35:1307(153)AR - - DOD, Defense Mapping Agency Aerospace Center, St., Louis, MO and NFFE Local 1827 - - 1990 FLRAdec AR - - v35 p1307
[ v35 p1307 ]
The decision of the Authority follows:
35 FLRA No. 153
FEDERAL LABOR RELATIONS AUTHORITY
U.S. DEPARTMENT OF DEFENSE
DEFENSE MAPPING AGENCY AEROSPACE CENTER
ST. LOUIS, MISSOURI
NATIONAL FEDERATION OF FEDERAL EMPLOYEES
May 31, 1990
Before Chairman McKee and Members Talkin and Armendariz.
I. Statement of the Case
This matter is before the Authority on an exception to the award of Arbitrator Neil N. Bernstein. The Arbitrator denied the Union's grievance. Under the parties' collective bargaining agreement, the Arbitrator directed the Union, as the losing party, to pay all his fees and expenses.
The Union filed an exception to the award under section 7122(a) of the Federal Service Labor-Management Relations Statute (the Statute) and part 2425 of the Authority's Rules and Regulations. The Activity filed an opposition to the exception.
We conclude that the Union does not establish that the award fails to draw its essence from the collective bargaining agreement. Accordingly, we will deny the exception.
II. Background and Arbitrator's Award
The Union filed a grievance asserting that certain management actions with respect to the grievant violated his rights under the parties' collective bargaining agreement. The Activity asserted that the grievance was not timely filed under the parties' agreement. The grievance was not resolved and was submitted to arbitration.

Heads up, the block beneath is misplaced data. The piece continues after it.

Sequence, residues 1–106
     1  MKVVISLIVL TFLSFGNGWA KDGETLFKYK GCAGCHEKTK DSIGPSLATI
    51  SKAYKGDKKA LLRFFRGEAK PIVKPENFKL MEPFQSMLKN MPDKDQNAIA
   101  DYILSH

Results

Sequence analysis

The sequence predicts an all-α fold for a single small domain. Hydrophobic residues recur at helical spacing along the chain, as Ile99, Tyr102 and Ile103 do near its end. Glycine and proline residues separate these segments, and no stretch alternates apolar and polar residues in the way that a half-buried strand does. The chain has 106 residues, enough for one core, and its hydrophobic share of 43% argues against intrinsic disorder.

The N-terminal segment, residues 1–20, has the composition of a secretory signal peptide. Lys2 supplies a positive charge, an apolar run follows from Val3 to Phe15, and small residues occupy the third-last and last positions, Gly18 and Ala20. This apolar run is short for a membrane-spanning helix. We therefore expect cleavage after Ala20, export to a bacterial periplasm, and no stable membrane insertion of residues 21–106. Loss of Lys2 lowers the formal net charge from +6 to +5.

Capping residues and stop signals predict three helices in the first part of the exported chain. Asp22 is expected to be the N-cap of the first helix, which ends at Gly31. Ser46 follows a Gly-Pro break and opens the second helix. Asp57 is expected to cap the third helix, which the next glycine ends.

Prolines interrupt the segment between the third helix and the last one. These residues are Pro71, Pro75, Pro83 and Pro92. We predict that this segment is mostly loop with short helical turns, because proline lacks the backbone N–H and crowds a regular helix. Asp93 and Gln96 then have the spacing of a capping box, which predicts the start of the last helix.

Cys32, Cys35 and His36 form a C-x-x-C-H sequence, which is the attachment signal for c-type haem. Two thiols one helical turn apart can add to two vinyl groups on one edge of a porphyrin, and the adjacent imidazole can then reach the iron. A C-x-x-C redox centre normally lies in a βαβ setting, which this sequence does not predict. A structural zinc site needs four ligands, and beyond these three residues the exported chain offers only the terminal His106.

The Arbitrator rejected the Activity's contention that the grievance was untimely. On the merits, however, the Arbitrator denied the grievance. He found that management had not violated any rights of the grievant under the agreement. The Arbitrator then stated that the only remaining question was to determine "which party is to be responsible for the costs of the arbitration." Award at 11.
Section 8-6(f) of the parties' agreement provides:
The arbitrator's fee and expenses shall be paid by the losing party. The arbitrator will be asked to declare which party is the losing party and shall bill that party directly. When the arbitrator renders a "split decision" the arbitrator shall prorate his/her fees and expenses between the parties.
The Arbitrator noted that "[t]his case could possibly be considered to have been a 'split decision', because the [Activity] lost its contention that the grievance was untimely and should have been dismissed for that reason." Award at 11-12. However, the Arbitrator concluded "that because the grievance is totally rejected on the merits, the more reasonable conclusion is that the Union was the 'losing party' and should be directed to bear all arbitration costs." Id. at 12.
Accordingly, as the award, the Arbitrator denied the grievance and directed the Union to pay all his fees and expenses.
III. Positions of the Parties
A. The Union
The Union excepts only to the Arbitrator's direction that it pay all of his fees and expenses. The Union contends that this award does not draw its essence from the collective bargaining agreement.